champ33 wrote:Use the free time you have now to explore things that are interesting to you, rather than seeking them in Big Law (where they are unlikely to be found). Perhaps you will be able to move up in your organization in the future where the work will become less "boring" and "menial"? The tone as well as the substance of your post just make it seem like you are pretty content, and have a lot of interesting avenues that could be explored aside from your full-time job (which provides you enough time to pursue those avenues). And as was mentioned, 85-100K plus a pension.. just doesn't seem to me the bump in salary will be worth it. Best of luck

Champ, yes thanks for the input. When I first received the offer, the big numbers grabbed my intention and I kind of got shocked. Once I began researching things about hours and such, however, I started to become really uneasy, at it seems that I would probably be doing twice as much work for less than double the salary, and at the expense of the other parts of my life.

While I am content with my job for the majority of the time, there are some things that really bother me and make me uneasy about it. I guess that these stresses would be present at any job, though, and may even be worse in a biglaw setting.

This has just been a very difficult time weighing the options and trying to make a decision that is not the best for my career, but the best for me as a person.

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Re: SA Position Involving a Career Jump

Postby Anonymous User » Mon Sep 09, 2013 2:26 pm

Honestly, I would have an honest conversation with somebody you trust at the company. Say that after doing research, you are heavily leaning toward staying at the company because of everything you stated above, but that this is a one-time opportunity and that you would like to take a leave of absence to at least get a taste. This way, if you do ultimately turn down big law, you'll have at least seen what it was over the summer, and you'll have the peace of mind that you turned it down while knowing what it is.

Otherwise, you risk forever asking yourself "what if I would have really liked it...?" and that alone might suck a lot. I say take the opportunity while it is still there.

EDIT: regarding the pension... if the recent economic implosions have taught me anything is that nowadays, the economy moves quickly, and seemingly invincible companies go broke (who thought that GM would go bust 60 years ago? Nobody). Your pension sounds sweet, but also remember that if you live till your late 80s, we're talking about predicting the future of the company into 2060. Maybe even 2070. That's a hell of a long time.

Okay, that sounded overly negative, but just thought that it should be a consideration.

lukertin
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Re: SA Position Involving a Career Jump

Postby lukertin » Mon Sep 09, 2013 2:41 pm

Anonymous User wrote:Honestly, I would have an honest conversation with somebody you trust at the company. Say that after doing research, you are heavily leaning toward staying at the company because of everything you stated above, but that this is a one-time opportunity and that you would like to take a leave of absence to at least get a taste. This way, if you do ultimately turn down big law, you'll have at least seen what it was over the summer, and you'll have the peace of mind that you turned it down while knowing what it is.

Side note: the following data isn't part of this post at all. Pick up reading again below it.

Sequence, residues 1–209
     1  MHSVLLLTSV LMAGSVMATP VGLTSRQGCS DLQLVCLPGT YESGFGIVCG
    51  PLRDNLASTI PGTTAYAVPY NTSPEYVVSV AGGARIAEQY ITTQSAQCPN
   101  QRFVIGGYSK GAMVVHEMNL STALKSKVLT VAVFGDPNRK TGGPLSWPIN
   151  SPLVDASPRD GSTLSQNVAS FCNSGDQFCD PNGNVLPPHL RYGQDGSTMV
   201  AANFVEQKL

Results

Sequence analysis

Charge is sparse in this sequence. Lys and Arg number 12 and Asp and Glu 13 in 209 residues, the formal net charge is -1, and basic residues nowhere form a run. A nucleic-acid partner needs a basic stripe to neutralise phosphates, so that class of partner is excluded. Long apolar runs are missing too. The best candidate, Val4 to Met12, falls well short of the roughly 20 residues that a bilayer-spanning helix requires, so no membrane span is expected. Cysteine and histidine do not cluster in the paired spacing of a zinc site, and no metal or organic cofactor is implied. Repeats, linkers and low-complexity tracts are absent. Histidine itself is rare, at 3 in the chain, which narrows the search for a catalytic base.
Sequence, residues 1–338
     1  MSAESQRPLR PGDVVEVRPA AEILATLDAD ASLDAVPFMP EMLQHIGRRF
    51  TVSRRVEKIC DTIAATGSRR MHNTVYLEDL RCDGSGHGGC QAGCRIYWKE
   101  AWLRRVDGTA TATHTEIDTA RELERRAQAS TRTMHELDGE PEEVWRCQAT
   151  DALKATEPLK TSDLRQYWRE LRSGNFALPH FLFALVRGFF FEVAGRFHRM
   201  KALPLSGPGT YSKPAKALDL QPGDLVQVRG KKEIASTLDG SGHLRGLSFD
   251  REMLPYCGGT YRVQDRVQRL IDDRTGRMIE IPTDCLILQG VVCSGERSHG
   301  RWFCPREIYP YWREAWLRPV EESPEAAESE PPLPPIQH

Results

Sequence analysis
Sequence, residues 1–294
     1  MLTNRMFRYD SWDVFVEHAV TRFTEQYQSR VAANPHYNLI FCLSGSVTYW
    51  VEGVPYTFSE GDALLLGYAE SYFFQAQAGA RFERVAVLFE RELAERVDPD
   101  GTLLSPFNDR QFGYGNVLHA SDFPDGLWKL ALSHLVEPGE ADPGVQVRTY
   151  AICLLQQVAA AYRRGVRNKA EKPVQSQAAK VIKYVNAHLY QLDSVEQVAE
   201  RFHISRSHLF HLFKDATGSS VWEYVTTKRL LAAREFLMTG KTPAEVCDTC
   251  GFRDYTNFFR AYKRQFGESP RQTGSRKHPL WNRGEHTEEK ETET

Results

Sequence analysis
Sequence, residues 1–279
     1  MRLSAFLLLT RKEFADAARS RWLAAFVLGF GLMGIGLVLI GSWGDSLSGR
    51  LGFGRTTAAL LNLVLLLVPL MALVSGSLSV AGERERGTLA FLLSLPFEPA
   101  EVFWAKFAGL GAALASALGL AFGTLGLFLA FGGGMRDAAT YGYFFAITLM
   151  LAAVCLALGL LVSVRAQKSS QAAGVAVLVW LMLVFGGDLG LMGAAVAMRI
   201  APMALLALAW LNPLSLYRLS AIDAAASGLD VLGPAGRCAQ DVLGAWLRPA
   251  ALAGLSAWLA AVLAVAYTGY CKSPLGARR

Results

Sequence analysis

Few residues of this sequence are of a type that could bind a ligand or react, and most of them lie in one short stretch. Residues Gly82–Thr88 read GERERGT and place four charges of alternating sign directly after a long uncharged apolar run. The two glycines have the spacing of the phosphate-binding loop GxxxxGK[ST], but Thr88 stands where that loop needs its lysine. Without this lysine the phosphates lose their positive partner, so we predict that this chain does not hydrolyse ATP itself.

Otherwise, you risk forever asking yourself "what if I would have really liked it...?" and that alone might suck a lot. I say take the opportunity while it is still there.

EDIT: regarding the pension... if the recent economic implosions have taught me anything is that nowadays, the economy moves quickly, and seemingly invincible companies go broke (who thought that GM would go bust 60 years ago? Nobody). Your pension sounds sweet, but also remember that if you live till your late 80s, we're talking about predicting the future of the company into 2060. Maybe even 2070. That's a hell of a long time.

Okay, that sounded overly negative, but just thought that it should be a consideration.


His pension is probably federally insured. If not YOLO

Anonymous User
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Re: SA Position Involving a Career Jump

Postby Anonymous User » Mon Sep 09, 2013 5:23 pm

lukertin wrote:
Anonymous User wrote:Honestly, I would have an honest conversation with somebody you trust at the company. Say that after doing research, you are heavily leaning toward staying at the company because of everything you stated above, but that this is a one-time opportunity and that you would like to take a leave of absence to at least get a taste. This way, if you do ultimately turn down big law, you'll have at least seen what it was over the summer, and you'll have the peace of mind that you turned it down while knowing what it is.

Otherwise, you risk forever asking yourself "what if I would have really liked it...?" and that alone might suck a lot. I say take the opportunity while it is still there.

EDIT: regarding the pension... if the recent economic implosions have taught me anything is that nowadays, the economy moves quickly, and seemingly invincible companies go broke (who thought that GM would go bust 60 years ago? Nobody). Your pension sounds sweet, but also remember that if you live till your late 80s, we're talking about predicting the future of the company into 2060. Maybe even 2070. That's a hell of a long time.

Okay, that sounded overly negative, but just thought that it should be a consideration.


His pension is probably federally insured. If not YOLO[/]

Correct, the pension is guaranteed through the fed gov.